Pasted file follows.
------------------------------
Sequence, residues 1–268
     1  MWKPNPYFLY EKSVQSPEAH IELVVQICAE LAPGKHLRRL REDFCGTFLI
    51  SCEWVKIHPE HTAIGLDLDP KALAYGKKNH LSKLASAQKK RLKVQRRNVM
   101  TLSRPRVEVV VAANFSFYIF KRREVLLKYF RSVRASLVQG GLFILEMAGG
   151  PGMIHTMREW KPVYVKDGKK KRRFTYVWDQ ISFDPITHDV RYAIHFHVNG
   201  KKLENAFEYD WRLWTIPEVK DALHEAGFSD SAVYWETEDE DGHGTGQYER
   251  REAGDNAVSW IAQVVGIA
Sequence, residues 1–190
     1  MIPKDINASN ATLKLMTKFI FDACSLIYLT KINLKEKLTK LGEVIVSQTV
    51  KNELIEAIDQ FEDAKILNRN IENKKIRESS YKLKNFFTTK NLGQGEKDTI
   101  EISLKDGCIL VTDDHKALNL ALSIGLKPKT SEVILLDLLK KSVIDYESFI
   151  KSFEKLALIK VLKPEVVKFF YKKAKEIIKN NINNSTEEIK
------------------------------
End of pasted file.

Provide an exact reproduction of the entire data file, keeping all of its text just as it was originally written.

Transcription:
Sequence, residues 1–268
     1  MWKPNPYFLY EKSVQSPEAH IELVVQICAE LAPGKHLRRL REDFCGTFLI
    51  SCEWVKIHPE HTAIGLDLDP KALAYGKKNH LSKLASAQKK RLKVQRRNVM
   101  TLSRPRVEVV VAANFSFYIF KRREVLLKYF RSVRASLVQG GLFILEMAGG
   151  PGMIHTMREW KPVYVKDGKK KRRFTYVWDQ ISFDPITHDV RYAIHFHVNG
   201  KKLENAFEYD WRLWTIPEVK DALHEAGFSD SAVYWETEDE DGHGTGQYER
   251  REAGDNAVSW IAQVVGIA
Sequence, residues 1–190
     1  MIPKDINASN ATLKLMTKFI FDACSLIYLT KINLKEKLTK LGEVIVSQTV
    51  KNELIEAIDQ FEDAKILNRN IENKKIRESS YKLKNFFTTK NLGQGEKDTI
   101  EISLKDGCIL VTDDHKALNL ALSIGLKPKT SEVILLDLLK KSVIDYESFI
   151  KSFEKLALIK VLKPEVVKFF YKKAKEIIKN NINNSTEEIK